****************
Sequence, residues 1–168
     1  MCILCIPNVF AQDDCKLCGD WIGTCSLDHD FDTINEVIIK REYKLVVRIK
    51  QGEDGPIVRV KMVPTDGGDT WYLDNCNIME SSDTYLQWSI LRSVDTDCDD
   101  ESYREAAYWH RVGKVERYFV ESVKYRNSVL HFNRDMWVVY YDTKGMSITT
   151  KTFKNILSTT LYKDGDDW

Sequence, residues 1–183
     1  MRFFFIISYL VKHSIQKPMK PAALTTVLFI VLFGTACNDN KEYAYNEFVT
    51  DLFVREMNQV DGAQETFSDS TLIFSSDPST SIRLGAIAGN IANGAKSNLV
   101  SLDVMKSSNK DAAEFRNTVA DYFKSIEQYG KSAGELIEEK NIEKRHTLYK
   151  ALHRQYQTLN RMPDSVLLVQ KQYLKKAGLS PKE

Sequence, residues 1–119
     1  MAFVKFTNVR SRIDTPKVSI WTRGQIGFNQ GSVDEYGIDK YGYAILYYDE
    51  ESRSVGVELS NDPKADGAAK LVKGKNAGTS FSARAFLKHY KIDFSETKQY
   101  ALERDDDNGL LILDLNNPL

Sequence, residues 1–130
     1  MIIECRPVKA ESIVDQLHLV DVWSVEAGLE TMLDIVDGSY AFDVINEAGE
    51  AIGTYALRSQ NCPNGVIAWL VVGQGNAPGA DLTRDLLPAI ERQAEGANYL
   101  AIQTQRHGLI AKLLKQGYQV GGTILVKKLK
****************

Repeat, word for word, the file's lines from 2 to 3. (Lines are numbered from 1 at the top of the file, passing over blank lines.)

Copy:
     1  MCILCIPNVF AQDDCKLCGD WIGTCSLDHD FDTINEVIIK REYKLVVRIK
    51  QGEDGPIVRV KMVPTDGGDT WYLDNCNIME SSDTYLQWSI LRSVDTDCDD